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The Honolulu Advertiser

Posted on: Sunday, December 19, 2004

110 cadets make best of 2nd chance

By Will Hoover
Advertiser Staff Writer

Babies cried, the band played "Pomp and Circumstance," and friends and relatives screamed out "We love you!" messages of cheer as their favorite graduate appeared in the processional.

Cadets of the 2004 Hawai'i National Guard Youth Challenge Academy waited backstage at the Pearl City High School Auditorium for yesterday's graduation ceremony to begin. The academy offers 16- to 18-year-old students who are at risk of dropping out of school a second chance to earn high-school diplomas. The program has been recognized as among the best of its kind nationwide.

Andrew Shimabuku • The Honolulu Advertiser

It all seemed like your typical joyous graduation ceremony at the Pearl City High School Auditorium. But for just about everyone at yesterday's Hawai'i National Guard Youth Challenge Academy's 10th anniversary commencement — graduates and spectators alike — the Class 21 exercise was something out of the ordinary.

Each of the 110 cadets who crossed the stage to shake hands with Gov. Linda Lingle and academy director Wallace Mitsui and to pick up a high-school diploma, had been given a second chance.

Each graduating cadet had spent 5 1/2 months as a resident member of the academic and fitness program for high-school students at risk of dropping out. Located at the former Barbers Point Naval Air Station, the program was recognized by the United Service Organizations as the best of its kind in the nation in 2001.

The result in many cases is a more than a minor miracle. Dead end 16-to-18-year-old kids destined to hard lives and almost no hope are transformed into shining examples of model behavior.

Whether the cadets remember the lessons learned is what those who spoke at the ceremony emphasized.

Lingle told the cadets that as young adults they had achieved something many adults never acquire.

"And that is self-discipline," she said. "Believe me, for a successful life, discipline has to be a foundation."

As they go through life she advised them not to be influenced by those who would tempt them to lead a less disciplined life.

Former academy graduate Christopher Kula, who spoke at the ceremony, warned that the biggest challenge the cadets face would be to avoid their previous behavior patterns. It happened to him, he said, after his own graduation in 1997.

But he regained his confidence, joined the military, became a certified intelligence interrogator for the Army, and served in missions in Bosnia and Kosovo.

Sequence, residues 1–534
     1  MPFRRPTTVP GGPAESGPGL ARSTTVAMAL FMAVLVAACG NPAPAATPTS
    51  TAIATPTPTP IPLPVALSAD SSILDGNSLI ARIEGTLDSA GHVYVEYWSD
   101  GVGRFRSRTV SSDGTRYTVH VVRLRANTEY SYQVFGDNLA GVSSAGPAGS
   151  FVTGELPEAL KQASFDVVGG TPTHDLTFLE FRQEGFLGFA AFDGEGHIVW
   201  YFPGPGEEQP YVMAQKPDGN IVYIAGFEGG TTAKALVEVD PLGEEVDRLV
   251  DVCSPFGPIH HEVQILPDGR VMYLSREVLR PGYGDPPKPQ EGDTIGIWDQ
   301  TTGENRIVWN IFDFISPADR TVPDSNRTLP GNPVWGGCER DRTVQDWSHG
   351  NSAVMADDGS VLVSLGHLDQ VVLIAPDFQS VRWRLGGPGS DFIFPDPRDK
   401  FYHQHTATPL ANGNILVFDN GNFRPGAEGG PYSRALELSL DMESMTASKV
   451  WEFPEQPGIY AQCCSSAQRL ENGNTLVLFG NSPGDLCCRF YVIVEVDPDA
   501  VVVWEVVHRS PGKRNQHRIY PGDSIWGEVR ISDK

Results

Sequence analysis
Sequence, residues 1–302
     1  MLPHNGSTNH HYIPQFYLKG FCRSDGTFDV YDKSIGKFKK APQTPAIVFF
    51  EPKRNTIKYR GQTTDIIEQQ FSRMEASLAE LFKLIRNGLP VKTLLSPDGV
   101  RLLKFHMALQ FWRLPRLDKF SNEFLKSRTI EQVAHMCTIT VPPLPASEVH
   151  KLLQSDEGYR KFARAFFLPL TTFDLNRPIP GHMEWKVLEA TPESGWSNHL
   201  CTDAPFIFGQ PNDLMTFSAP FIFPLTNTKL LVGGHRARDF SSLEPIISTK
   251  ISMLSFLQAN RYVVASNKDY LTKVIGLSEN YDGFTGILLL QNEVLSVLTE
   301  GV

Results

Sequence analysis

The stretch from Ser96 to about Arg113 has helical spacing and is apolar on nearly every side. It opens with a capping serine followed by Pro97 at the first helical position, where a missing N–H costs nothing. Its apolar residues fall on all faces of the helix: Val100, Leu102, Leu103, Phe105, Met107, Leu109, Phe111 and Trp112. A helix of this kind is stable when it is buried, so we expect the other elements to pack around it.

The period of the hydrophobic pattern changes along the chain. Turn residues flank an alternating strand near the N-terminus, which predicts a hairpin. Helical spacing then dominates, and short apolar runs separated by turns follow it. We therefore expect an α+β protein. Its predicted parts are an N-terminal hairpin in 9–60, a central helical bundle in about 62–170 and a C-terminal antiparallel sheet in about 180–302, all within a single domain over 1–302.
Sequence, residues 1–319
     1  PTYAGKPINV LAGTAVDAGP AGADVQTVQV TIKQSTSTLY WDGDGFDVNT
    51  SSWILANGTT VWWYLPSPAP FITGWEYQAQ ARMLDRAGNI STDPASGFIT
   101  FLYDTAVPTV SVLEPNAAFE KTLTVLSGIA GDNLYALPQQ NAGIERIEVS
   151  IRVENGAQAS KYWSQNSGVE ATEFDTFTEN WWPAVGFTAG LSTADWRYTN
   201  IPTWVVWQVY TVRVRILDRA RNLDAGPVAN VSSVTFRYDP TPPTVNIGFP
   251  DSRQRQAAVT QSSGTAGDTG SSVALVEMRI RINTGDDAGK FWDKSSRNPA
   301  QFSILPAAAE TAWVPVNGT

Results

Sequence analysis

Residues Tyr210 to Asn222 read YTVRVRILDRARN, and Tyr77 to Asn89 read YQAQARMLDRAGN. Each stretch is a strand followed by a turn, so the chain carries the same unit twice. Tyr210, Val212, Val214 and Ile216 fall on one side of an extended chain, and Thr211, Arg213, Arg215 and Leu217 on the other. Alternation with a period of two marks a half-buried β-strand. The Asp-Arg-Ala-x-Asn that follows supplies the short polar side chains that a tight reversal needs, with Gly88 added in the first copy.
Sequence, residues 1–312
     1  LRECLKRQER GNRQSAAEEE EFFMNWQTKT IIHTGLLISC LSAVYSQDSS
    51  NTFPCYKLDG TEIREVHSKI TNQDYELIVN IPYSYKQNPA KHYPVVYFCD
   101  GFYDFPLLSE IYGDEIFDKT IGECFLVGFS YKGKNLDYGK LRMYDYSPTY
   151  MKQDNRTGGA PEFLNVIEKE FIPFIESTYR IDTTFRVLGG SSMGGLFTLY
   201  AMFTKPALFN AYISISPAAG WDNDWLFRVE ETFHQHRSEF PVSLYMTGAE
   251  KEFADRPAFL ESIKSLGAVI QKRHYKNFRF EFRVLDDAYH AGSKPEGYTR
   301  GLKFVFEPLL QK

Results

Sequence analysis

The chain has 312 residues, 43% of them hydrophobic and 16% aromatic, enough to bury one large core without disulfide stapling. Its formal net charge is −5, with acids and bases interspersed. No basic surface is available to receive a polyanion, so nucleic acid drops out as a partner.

Today Kula is the systems administrator for Sacred Hearts Academy. After he returned to Hawai'i he said he tried to locate four of his closest friends who had also graduated from Youth Challenge Academy. He learned that three had died and one was in prison.

"Do not ever sell yourself short," Kula told them. "You have worked and struggled and earned your second chance. It doesn't matter what you have done in your past.

"I am extremely proud, whenever anybody asks me where I went to high school, to tell them that I graduated from the Youth Challenge Program."

Following the ceremonies, the cadets lined up at attention and then passed single file by instructor 1st Sgt. George Hunkin, who looked stern but could not hide his pride in what he saw.

"Stay out of trouble," he told each graduate, as he slapped them on the backs and gave them a bear hug. "Well done ... Go follow your dream."

"Are you going to sign my book?" former Marine drill instructor, Master Sgt. Kenneth Rhodes of Queens, N.Y., asked cadet Alexa Kaufman, 16, of King Kekaulike High School on Maui. "I'm collecting as many names as I can get."

"Yes sir," said Kaufman, who gladly signed his book and later had nothing but praise for her former instructor.

"He's one of the best sergeants we have," she said with a broad smile. "I remember everything he taught me. He's just the best. I'll never forget him."

Rhodes, who has become used to dealing with tough customers over the years, said the job is basically the same as what he did in the Marines — turning young upstarts into men and women.

But like Hunkin, Rhodes said the most fulfilling part comes with building a sense of confidence in the students and showing them they have what it takes to stand on their own feet.

One such student was Roblynn Batad, 18, of Waipahu.

Batad received the highest honor of the day, the Governor's Distinguished Graduate Award for excellence in fitness, leadership and academic achievement. She said she had no idea she would be so highly honored. She also said a year ago the idea of receiving such an award would have been unfathomable.

Batad said having a second chance had made a dramatic and positive change in her life. Were it not for the Youth Challenge Academy, she said she most likely would have turned to drugs. She's convinced she'll continue to do well now that she has confidence.

Part of Batad's new found sense of responsibility includes being a role model.

"It's just like motivation for other young teenagers like me, because my family was really negative," said Batad, who weighs 95 pounds and stands 4 feet, 11 inches. "Nobody believed I could do it. But, now they're all proud of me. I showed them I could do it. You have to be strong. And this is where it starts."

Reach Will Hoover at 525-8038 or at whoover@honoluluadvertiser.com.